As we head towards opening night of Campion Decent’s irreverent, life-affirming and deeply personal Unholy Ghosts, Campion reflects on seeing the play come off the page for the first time.
I recently sat in on the first few days of rehearsal for Unholy Ghosts (or UG as we affectionately call it). Some people asked me why. ‘Isn’t your job over? Don’t you get bored?’ No and no are the answers. With the first production of a new play there is – at the very least – tweaks to be done. Not until you hear it in the mouths of actors do you realise the rhythm of a line needs adjusting. Or another is no longer necessary and better played through an actor’s gesture or loaded silence. And so on and so forth. And, if you’re really lucky, an actor comes up with an irresistible offer that immediately betters a writer’s clumsy choice. As for the boredom part … Nup, I find the psychology of the rehearsal room endlessly fascinating. And who wouldn’t enjoy watching actors the calibre of Anna Volska, Robert Alexander and James Lugton strut their stuff?
James Lugton during rehearsals
It’s been a kind of double-edged sword with UG, however, because the story it tells draws heavily on my own experience. Accordingly, the actors have been hungry to hear the back-story to the story of the play. And I’ve relived it for them and then watched them layer that in and relive it for our astute director Kim Hardwick. By day four I have fixed up enough of my own stupid mistakes and seen enough to know they are on the right track. And I’ve whispered a few key thoughts to Kim as they come to me (like ‘monster’, ‘rage’ and ‘vaudeville’). And we’ve all sat around and shared anecdotes about the love/hate realities of parents, children, life and loss. But ultimately – as valuable as hearing it straight from the horse’s mouth is – the cast and creative team need to be free of me so they can make it their own. After all, respect and concern for the writer is commendable in the rehearsal room but awfully dull on stage. So I leave them with advice to ‘let it rip’. Oh, and a suggestion to James who has the unenviable task of playing the son/the writer/me, ‘Don’t be afraid to play him as a [expletive deleted]. He was. Believe me, I know.’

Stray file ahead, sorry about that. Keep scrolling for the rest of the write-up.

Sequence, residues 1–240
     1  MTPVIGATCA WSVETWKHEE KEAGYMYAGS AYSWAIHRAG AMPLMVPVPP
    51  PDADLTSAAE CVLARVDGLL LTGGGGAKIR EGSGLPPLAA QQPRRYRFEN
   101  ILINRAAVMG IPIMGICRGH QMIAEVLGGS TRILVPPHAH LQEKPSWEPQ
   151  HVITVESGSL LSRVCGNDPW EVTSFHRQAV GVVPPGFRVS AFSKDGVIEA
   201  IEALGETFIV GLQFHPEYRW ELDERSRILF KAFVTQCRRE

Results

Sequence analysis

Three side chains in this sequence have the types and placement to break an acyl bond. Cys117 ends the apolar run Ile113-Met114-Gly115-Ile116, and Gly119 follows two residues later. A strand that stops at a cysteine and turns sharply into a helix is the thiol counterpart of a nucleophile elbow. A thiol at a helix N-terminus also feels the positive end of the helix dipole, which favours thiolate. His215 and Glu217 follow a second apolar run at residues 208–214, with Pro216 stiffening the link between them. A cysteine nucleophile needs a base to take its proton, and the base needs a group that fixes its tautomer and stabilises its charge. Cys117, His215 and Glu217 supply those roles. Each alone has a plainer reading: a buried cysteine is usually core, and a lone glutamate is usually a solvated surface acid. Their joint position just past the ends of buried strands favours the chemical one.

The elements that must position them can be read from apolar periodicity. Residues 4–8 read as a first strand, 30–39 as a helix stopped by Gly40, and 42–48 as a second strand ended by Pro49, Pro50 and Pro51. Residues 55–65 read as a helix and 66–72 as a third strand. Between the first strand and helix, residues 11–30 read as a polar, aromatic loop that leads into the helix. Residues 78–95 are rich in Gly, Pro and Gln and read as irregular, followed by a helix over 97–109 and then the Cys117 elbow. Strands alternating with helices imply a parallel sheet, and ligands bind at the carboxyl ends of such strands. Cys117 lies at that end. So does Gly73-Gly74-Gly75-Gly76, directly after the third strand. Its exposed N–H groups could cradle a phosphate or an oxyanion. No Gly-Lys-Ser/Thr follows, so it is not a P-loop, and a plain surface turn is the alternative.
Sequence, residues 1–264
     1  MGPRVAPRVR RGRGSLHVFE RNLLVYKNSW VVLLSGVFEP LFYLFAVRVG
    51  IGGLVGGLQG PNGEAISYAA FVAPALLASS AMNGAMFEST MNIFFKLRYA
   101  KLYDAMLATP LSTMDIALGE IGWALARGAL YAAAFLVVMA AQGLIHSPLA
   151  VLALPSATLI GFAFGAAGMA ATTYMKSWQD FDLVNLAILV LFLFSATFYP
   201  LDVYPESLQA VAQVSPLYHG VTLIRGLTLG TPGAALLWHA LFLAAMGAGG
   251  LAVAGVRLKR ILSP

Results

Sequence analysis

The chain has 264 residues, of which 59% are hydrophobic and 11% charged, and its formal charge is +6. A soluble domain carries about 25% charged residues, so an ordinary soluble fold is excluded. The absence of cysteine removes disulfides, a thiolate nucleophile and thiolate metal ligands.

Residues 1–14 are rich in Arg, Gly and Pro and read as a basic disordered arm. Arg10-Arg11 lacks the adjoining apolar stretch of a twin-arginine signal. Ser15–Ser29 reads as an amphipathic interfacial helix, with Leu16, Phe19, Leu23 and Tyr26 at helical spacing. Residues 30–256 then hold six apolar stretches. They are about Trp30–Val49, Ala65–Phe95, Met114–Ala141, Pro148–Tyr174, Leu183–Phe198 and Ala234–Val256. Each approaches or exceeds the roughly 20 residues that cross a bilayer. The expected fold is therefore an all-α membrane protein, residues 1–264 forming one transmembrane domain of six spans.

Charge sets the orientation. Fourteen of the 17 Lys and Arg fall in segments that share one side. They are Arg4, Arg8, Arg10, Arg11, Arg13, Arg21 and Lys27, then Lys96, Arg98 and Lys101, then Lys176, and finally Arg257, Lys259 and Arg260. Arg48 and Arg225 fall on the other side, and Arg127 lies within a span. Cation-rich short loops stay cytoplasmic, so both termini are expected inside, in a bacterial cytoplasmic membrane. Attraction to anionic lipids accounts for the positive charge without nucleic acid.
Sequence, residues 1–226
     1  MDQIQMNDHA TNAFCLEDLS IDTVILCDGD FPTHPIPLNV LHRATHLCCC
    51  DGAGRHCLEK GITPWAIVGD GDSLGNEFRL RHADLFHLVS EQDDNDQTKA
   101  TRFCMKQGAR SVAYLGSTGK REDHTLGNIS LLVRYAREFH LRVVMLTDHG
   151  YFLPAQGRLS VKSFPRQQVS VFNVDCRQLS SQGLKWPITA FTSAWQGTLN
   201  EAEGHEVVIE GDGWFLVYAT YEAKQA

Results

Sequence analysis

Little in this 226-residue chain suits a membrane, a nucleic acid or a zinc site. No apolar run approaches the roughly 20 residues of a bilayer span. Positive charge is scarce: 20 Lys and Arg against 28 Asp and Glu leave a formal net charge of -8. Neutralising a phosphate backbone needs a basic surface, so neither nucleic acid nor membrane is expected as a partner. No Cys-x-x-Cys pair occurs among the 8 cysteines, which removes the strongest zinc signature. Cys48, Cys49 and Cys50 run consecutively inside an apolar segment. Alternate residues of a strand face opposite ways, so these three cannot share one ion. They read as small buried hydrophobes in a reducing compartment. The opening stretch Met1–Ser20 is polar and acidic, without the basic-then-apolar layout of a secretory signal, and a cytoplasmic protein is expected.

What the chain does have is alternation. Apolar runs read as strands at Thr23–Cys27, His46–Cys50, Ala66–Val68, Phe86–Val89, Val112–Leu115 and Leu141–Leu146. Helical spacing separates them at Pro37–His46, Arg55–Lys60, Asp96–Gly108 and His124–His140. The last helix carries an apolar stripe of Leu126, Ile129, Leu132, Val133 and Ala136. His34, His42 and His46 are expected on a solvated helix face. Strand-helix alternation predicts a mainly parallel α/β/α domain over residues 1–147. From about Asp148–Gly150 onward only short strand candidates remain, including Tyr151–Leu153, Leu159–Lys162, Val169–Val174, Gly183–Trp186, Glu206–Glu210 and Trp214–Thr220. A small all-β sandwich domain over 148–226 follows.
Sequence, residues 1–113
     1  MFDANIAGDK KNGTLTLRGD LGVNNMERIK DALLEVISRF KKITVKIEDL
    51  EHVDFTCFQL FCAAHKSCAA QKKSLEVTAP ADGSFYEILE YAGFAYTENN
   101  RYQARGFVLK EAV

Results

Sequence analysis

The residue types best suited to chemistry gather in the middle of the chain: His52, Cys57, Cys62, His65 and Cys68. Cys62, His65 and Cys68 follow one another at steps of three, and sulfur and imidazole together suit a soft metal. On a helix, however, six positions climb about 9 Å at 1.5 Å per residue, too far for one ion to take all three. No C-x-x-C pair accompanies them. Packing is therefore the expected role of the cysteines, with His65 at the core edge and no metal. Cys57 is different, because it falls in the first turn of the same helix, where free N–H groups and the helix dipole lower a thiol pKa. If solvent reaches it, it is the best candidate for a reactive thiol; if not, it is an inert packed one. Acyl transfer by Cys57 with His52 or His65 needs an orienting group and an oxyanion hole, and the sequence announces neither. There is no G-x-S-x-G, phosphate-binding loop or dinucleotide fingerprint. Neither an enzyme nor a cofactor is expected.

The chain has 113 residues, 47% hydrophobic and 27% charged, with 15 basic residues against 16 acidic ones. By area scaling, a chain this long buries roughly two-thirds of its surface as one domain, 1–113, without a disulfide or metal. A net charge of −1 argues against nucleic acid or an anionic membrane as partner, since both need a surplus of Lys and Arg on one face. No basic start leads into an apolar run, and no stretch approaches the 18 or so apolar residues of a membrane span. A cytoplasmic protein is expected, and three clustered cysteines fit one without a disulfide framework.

Unholy Ghosts runs from 27 of August – 20 September. For more info and to book tickets, click here.